SNNameEmail AddressPosition
1John Doejohn.doe@example.comManager
2Jane Smithjane.smith@example.comDeveloper
3Bob Johnsonbob.johnson@example.comAnalyst

Identifying and Exploiting Vulnerabilities

In this phase, attack surfaces are identified using a combination of manual and automated methods. Threat modelling helps pinpoint potential attack vectors, which are then exploited. Key considerations include hardening measures, cryptography issues, authentication and authorization controls, session management, business logic flaws, and validation measures. All actions are executed in strict accordance with the agreed rules of engagement.

Reporting and Providing Remediation

All identified security vulnerabilities are documented with associated CVSS v3-based scores and reported to the client. Each vulnerability is thoroughly assessed, and appropriate recommendations or mitigation measures are provided.

Verifying Fixes and Closing the Assessment

Upon confirmation of vulnerability closure by the client’s product team, we retest to ensure the issues have been resolved. A detailed retesting report is then provided.

Assessing Web Application Risk evaluates web application risk by considering two key factors:

  • Exploitation Likelihood: Measures how easily a vulnerability can be exploited.
  • Potential Impact: Gauges the potential business impact on the environment.

By analysing these elements, determines the risk level for each web application, aiding in the prioritization of security measures.

Threat Modelling

Threat modelling is a structured methodology employed in cybersecurity to identify, evaluate, and address potential security risks and threats that could affect a system, application, or organization.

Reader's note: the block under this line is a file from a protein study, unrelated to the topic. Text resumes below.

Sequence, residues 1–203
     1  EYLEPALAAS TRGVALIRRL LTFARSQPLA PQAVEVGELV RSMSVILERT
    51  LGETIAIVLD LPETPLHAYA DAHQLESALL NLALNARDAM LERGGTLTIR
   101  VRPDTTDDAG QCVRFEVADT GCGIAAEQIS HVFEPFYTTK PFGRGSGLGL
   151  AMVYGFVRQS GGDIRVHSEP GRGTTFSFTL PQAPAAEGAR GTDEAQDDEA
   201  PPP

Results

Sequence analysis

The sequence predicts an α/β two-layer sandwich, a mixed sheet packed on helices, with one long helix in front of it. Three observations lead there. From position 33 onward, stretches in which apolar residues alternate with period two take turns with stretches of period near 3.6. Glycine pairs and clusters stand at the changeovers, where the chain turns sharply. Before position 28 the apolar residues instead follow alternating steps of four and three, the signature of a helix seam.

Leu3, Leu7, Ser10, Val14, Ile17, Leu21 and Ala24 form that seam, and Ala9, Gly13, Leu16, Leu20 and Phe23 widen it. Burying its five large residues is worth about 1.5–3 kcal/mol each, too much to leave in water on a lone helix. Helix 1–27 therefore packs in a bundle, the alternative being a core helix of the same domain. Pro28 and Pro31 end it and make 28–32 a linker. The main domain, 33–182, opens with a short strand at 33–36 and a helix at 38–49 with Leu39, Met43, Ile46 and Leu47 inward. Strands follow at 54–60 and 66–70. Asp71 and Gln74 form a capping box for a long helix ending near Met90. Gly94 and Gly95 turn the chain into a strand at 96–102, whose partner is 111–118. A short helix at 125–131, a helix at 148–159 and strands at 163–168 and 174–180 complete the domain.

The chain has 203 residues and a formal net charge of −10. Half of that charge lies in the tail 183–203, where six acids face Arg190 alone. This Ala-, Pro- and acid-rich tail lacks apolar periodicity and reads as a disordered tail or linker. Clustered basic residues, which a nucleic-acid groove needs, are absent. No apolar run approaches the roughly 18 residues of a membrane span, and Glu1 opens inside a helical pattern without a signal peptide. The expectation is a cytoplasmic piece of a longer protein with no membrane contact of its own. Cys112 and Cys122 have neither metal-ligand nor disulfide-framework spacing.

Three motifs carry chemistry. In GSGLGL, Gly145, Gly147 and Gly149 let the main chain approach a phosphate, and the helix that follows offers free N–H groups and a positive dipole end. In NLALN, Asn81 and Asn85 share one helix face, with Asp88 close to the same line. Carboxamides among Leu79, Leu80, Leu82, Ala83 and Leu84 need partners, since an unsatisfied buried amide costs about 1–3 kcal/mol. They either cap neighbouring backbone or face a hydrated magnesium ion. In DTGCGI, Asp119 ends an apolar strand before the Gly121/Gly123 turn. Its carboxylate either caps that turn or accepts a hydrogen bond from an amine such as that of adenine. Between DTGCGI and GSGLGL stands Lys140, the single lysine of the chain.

The primary objective of threat modelling is to proactively uncover vulnerabilities and weaknesses in a system that could be exploited by malicious actors. This approach enables organizations to anticipate and mitigate security threats before they can cause harm, ensuring a more secure and resilient infrastructure.

The below screenshot shows the mobile application decomposed to identify the threats on the application:

Case Study: EXAMPLE Web Application Penetration Test

We conducted a comprehensive Web Application Penetration Test for an “EXAMPLE” application. Using a blend of commercial and proprietary tools, we mapped and gathered information about the site. Custom tools and scripts were employed to identify unique vulnerabilities.

Our skilled assessors performed manual analysis, testing for key security flaws, including those outlined in the OWASP Top 10 Vulnerabilities list. Vulnerabilities were categorized based on several factors such as asset criticality, threat likelihood, and vulnerability severity.

Exploitation of Vulnerabilities